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Submission + - Iran destroys 100,000 satellite dishes in crackdown (yahoo.com)

schwit1 writes: Iran destroyed 100,000 satellite dishes and receivers on Sunday as part of a widespread crackdown against the illegal devices that authorities say are morally damaging, a news website reported.

"The truth is that most satellite channels... deviate the society's morality and culture," he said at the event according to Basij News.

Under Iranian law, satellite equipment is banned and those who distribute, use, or repair them can be fined up to $2,800 (2,500 euros). Iranian police regularly raid neighbourhoods and confiscate dishes from rooftops.

Submission + - How Alex Jones Uses Fear of the Government to Sell Diet Supplements (vice.com)

citadrianne writes: Alex Jones has a unique advantage when selling diet supplements: His fans don't trust any scientific or government institution that tells them that, say, colloidal silver has no medical use and can turn your skin blue. He pushes his version of B12 by explaining something called "The B12 Conspiracy." He hawks "nascent iodine" by saying it will protect you from the poison the government has been putting in the water supply for "eugenics." And all the while, he's making himself rich.

Submission + - 60 people killed and many more injured in terrorist attack in Nice, France (bbc.com)

An anonymous reader writes: A truck slowly drove towards a crowd, accelerated and then hit people on the famous Promenade des Anglais shortly after celebratory fireworks had ended. July 14th is a national holiday in remembrance of the attack on the Bastille which started the French Revolution. The truck reportedly drove more than a mile before the driver was shot and the truck stopped.

Submission + - Maxthon Web Browser Sends Sensitive Data to China

wiredmikey writes: Security experts have discovered that the Maxthon web browser collects sensitive information and sends it to a server in China. Researchers warn that the harvested data could be highly valuable for malicious actors.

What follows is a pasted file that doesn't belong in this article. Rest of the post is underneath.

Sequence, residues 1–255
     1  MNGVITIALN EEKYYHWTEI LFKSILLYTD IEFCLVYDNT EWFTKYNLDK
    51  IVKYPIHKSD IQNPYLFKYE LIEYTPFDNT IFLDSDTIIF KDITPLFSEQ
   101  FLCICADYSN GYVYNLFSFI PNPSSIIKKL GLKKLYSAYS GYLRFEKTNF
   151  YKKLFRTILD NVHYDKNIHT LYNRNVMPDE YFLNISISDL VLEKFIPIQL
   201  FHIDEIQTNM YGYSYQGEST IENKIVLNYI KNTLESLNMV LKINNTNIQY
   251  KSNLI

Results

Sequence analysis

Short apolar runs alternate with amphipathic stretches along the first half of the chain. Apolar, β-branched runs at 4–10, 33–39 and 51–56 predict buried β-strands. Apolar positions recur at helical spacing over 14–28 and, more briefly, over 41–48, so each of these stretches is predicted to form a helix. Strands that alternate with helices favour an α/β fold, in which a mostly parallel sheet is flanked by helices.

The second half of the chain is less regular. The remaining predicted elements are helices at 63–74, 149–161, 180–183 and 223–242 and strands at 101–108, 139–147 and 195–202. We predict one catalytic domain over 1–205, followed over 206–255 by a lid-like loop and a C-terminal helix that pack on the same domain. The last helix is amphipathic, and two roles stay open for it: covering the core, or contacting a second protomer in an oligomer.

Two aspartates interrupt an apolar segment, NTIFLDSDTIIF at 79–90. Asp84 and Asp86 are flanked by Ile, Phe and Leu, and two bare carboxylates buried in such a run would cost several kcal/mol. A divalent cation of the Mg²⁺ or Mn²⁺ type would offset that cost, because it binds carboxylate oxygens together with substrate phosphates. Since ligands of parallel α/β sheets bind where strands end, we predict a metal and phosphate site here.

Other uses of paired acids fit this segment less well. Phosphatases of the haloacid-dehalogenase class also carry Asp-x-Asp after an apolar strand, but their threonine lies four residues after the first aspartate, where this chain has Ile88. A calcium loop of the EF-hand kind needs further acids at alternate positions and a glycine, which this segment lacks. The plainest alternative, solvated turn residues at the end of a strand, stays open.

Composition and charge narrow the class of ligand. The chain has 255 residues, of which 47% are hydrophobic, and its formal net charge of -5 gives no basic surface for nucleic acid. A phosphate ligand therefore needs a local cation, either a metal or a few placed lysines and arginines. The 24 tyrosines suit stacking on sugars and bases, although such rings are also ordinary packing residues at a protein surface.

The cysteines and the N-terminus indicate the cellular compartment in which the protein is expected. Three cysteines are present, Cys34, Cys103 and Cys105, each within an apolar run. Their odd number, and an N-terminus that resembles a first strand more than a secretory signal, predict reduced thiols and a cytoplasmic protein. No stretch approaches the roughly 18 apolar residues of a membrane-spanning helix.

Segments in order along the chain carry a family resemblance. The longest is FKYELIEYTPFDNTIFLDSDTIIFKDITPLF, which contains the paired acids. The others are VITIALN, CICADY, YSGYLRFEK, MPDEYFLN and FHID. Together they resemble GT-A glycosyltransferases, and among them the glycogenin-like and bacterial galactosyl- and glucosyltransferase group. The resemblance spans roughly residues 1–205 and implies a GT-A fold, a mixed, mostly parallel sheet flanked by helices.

Researchers at Fidelis Cybersecurity and Poland-based Exatel recently found that Maxthon regularly sends a file named ueipdata.zip to a server in Beijing, China, via HTTP. Further analysis (PDF) revealed that ueipdata.zip contains an encrypted file named dat.txt. This file stores information on the operating system, CPU, ad blocker status, homepage URL, websites visited by the user (including online searches), and installed applications and their version number.

Interestingly, In 2013, after the NSA surveillance scandal broke, the company boasted about its focus on privacy and security, and the use of strong encryption.

Comment Re:technicality (Score 1) 101

http://www.washingtonpost.com/wp-dyn/content/article/2010/11/27/AR2010112700546_2.html

Todd Simmons, a spokesman for Oregon State University, said Mohamud graduated from high school in Portland and began attending the university as a non-degree student last fall. He has not been enrolled since Oct. 6.

Mohamud told the FBI that he became radicalized at age 15 and had been thinking about violent jihad ever since, documents said. According to the affidavit, he began taking action last year when he exchanged e-mails with a co-conspirator who had terrorist ties and was in Pakistan's northwest province, a haven for radical groups. An FBI undercover operative sent Mohamud an e-mail in June saying he was an associate of that co-conspirator.

An elaborate set of encounters ensued, in which Mohamud met with two FBI operatives. At the first meeting in Portland, in July, Mohamud said he wanted to carry out an "explosion" but needed help, court papers said.

At a second meeting, in August, he identified the square as a target, the documents said. Over the past three months, Mohamud worked closely with the operatives and gave them a thumb drive with detailed instructions for the attack, officials said.